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Konica Minolta partners with Western Sydney University to build digital manufacturing capabilities

 

Konica Minolta has announced a partnership with Western Sydney University (WSU) to build digital manufacturing capabilities for WSU research staff and students, and the Western Sydney community. 

Many manufacturers are looking at digital manufacturing as a way to remain competitive and meet changing customer expectations; 3D printing is an important part of the process. 

Konica Minolta will support WSU’s School of Computing, Engineering and Mathematics as it explores the possibilities of cutting-edge digital manufacturing capabilities with the commissioning of the 3D SYSTEMS ProX 300 DMP Metal Printer. 

3D metal printing opens up new and significant opportunities to not only explore faster, more reliable, precise metal manufacturing, previously impossible, for engineers, researchers and businesses, but also the ability transform their business operations and reach new markets.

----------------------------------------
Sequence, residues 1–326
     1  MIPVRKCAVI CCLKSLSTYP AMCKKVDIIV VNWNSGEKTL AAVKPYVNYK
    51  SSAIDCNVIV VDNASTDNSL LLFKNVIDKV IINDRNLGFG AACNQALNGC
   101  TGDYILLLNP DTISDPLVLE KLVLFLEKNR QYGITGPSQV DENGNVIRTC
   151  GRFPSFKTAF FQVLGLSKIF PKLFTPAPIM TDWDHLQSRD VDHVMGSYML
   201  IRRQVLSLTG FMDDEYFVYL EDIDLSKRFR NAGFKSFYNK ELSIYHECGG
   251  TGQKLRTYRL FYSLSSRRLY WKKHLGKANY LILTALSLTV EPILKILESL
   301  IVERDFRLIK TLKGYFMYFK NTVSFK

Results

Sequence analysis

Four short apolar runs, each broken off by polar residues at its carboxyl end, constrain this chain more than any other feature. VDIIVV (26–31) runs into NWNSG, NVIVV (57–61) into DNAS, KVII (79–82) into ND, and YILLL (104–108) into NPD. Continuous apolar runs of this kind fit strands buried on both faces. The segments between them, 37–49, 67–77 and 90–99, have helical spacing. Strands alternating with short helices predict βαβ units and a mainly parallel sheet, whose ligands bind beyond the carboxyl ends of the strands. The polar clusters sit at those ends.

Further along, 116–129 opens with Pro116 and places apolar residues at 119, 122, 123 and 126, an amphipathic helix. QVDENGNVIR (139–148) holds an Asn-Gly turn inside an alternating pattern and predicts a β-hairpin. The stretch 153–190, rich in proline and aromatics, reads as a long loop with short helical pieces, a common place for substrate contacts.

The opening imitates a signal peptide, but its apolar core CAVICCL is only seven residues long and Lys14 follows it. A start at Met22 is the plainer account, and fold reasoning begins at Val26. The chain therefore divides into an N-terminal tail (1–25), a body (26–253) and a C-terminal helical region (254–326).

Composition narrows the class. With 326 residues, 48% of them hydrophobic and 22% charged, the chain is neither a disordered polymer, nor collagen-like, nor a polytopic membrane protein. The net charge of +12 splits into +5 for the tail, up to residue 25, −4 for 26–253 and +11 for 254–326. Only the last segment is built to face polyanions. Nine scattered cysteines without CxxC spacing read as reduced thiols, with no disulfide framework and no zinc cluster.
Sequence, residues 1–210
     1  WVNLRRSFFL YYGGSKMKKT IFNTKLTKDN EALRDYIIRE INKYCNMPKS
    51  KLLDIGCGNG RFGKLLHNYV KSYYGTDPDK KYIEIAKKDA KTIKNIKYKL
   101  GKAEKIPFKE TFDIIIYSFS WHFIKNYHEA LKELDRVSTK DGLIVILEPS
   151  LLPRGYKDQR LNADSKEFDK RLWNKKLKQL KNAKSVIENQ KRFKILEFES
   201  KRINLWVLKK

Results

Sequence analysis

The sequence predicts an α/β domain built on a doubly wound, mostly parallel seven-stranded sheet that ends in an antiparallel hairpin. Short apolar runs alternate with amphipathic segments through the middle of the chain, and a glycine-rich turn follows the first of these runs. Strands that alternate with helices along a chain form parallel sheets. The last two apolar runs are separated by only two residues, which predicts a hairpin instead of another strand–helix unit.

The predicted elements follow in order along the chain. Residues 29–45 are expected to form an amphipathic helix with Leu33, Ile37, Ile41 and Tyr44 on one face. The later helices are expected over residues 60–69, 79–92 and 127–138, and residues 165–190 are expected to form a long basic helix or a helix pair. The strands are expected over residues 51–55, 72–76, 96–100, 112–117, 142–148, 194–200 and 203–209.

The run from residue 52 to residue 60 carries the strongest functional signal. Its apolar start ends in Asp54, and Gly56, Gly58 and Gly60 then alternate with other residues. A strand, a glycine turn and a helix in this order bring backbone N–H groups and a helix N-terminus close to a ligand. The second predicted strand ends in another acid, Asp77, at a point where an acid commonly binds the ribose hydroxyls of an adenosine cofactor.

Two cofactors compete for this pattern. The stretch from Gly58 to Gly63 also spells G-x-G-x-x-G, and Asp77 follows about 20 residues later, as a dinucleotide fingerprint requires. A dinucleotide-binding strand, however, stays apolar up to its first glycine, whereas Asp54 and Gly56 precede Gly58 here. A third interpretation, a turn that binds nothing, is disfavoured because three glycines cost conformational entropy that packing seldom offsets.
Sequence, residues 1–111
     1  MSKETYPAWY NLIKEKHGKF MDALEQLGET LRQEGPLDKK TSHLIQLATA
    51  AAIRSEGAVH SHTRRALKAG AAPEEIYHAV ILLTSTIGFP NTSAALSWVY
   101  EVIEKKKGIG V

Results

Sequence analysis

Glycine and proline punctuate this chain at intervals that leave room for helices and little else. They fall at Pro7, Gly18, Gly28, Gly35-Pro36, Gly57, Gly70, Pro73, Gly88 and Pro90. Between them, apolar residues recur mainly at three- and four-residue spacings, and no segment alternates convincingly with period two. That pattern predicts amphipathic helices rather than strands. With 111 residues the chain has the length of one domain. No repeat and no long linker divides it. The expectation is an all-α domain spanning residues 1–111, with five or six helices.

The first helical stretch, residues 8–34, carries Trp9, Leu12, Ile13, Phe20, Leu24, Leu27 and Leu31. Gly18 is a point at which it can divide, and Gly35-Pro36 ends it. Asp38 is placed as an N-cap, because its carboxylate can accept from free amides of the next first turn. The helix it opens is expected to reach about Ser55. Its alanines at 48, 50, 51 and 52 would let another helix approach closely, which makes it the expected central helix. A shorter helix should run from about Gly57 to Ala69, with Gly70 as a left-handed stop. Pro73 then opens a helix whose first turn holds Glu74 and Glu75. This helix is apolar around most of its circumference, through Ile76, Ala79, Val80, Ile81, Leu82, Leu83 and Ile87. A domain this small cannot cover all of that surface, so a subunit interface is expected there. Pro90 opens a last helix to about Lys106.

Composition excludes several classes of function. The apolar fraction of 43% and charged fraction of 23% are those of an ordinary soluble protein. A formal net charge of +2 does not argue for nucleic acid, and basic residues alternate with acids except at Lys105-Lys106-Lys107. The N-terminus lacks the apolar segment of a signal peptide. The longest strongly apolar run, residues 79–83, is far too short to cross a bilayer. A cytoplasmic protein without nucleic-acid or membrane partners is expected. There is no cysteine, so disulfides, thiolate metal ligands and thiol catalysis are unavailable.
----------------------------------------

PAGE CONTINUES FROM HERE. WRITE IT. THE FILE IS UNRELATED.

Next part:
The ProX DMP 300 is a high-performance, high-quality metal 3D printed part manufacturing system, offering reduced waste, greater speeds for production, short set up times, very dense metal parts, and the ability to produce complex assemblies as a single part. 

Marc Brandon, 3D Printing Product Marketing Manager, Konica Minolta, said, “The construction of this new landmark advanced manufacturing facility, combined with our exciting new partnership with WSU that delivers cutting edge 3D metal printing, marks a new and promising era for WSU, the Western Sydney community, and beyond. 

“Konica Minolta is excited to partner with WSU to ensure leading researchers, educators and engineers within the community can leverage the capabilities this game-changing 3D metal part manufacturing system offers to its full potential.” 

Dr Tosin Famakinwa, Technical Manager for the School of Computing, Engineering and Mathematics, WSU, said, “Western Sydney University is happy to partner with Konica Minolta in making available this 3D metal printer to the community and for the training of the future Western Sydney workforce. Additionally, this method also has the ability to improve energy productivity —all while creating high-impact job opportunities locally for the manufacturing community.” 

 
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